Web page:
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RT @invisiblymeblog: @fmauk Absolutely, and this can have a huge knock-on effect to our social lives, relationships, confidence & mental he…

A list of articles involving FM

FMA UK response to AP article Feb 09

Many charities and non-profit groups around the world have been struggling to raise awareness of fibromyalgia for over 20 years. Even before it was given that name, people were concerned that the symptoms were causing great distress and hardship to people who were inexplicitly in pain and suffering from profound bouts of fatigue.

One thing people with fibromyalgia are certain about is that the symptoms they feel are real and cannot be dismissed as "a murky illness" as this article suggests. Fibromyalgia was given validity long before the drug companies started their trials to find out if drugs they had developed could alleviate the symptoms. Most of the research into this disease would not have happened if it were not for drug companies supplying funding.

The organisations fighting for swift diagnosis and treatment for fibromyalgia have had very few allies. Certainly the medical services from government level to the doctors and nurses have not initiated plans for improving the situation. Long before the drugs approved in the USA were mooted as possibly bringing relief for people with fibromyalgia we had been seeking funding to help with the campaign for improvement. So this has not been pharma led, but in some cases pharma enabled.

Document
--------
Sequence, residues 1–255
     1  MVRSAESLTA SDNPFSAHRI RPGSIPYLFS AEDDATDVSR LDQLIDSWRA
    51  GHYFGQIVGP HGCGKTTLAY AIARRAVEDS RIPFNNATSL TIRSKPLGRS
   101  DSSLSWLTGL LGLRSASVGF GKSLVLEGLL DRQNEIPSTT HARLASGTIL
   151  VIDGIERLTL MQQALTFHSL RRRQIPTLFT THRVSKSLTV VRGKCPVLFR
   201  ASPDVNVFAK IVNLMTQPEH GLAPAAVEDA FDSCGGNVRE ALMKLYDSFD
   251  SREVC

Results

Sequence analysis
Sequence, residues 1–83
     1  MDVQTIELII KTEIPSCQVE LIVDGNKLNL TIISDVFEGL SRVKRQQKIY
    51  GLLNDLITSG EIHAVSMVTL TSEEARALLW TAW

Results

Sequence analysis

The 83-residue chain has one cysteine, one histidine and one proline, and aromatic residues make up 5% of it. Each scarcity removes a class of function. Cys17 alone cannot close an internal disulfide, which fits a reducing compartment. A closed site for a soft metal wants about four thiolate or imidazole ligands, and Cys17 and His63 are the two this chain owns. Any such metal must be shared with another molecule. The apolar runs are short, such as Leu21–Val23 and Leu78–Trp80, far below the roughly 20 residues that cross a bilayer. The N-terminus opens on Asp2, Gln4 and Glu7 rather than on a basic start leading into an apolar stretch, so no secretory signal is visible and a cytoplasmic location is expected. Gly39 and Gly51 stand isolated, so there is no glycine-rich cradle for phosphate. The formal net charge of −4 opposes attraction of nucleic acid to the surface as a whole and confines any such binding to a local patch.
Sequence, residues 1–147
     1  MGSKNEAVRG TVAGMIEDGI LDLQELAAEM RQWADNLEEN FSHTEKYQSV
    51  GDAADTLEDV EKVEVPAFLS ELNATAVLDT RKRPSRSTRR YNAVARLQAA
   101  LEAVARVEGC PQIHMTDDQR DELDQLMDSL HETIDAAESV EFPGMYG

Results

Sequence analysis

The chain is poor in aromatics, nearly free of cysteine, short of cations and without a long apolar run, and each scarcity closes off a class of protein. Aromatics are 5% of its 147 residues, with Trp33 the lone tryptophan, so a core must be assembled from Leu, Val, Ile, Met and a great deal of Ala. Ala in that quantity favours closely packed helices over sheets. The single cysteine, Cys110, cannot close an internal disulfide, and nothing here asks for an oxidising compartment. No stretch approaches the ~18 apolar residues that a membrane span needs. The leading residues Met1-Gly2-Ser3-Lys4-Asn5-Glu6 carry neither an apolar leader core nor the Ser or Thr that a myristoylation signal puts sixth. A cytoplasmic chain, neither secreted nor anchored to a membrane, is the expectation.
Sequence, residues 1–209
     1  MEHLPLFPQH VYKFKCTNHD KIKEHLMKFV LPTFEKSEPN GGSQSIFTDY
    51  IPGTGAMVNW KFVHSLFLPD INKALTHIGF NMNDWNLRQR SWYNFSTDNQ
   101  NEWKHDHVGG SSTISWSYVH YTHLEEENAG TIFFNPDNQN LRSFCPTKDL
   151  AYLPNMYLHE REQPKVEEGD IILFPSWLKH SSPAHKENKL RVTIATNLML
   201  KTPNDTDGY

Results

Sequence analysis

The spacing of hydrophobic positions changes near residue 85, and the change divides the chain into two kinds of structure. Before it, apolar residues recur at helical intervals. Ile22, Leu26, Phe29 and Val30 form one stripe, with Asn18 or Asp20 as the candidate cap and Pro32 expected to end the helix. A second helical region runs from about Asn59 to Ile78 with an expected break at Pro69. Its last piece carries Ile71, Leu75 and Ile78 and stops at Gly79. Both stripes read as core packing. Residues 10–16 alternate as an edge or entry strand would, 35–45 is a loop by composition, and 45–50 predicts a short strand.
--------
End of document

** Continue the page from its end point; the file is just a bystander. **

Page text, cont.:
In our case we had funding to print postcards for a campaign that we initiated to bring fibromyalgia to the attention of MPs and MEPs. These were offered to individuals who wanted their representatives to be more aware about the problems they are facing. It made it easier for people to invite their MPs to a coffee morning and the MEPs to a presentation for the recently passed European Written Declaration on Fibromyalgia.

We do not have any approved drugs in the UK or even Europe for the treatment of fibromyalgia. Indeed there are not even any official guidelines for its diagnosis and treatment. We have enquiries from the public and medical professionals asking us for information because they find this is not available when they are faced with a fibromyalgia patient.

We fundraise to be able to afford to print and distribute information and are very grateful to one sponsor who at present prints our general information booklet. This means we do not have to make a charge for sending this out to people, which is especially appreciated by those who may have lost their income because of fibromyalgia. We would still publish and send this out without sponsorship: it would mean working harder at raising money instead of putting our energies into raising awareness or cutting back on other publications and support we provide.

If the drug companies did not help raise awareness of the disease and possible interventions, many more people would be left in pain, with a wretched quality of life. Fibromyalgia is not considered a life threatening illness, but we know of people that preferred to end their life rather than go on suffering the pain and fatigue for the rest of their lives. Would we rather that happened than funding was supplied from pharmaceutical companies to help?

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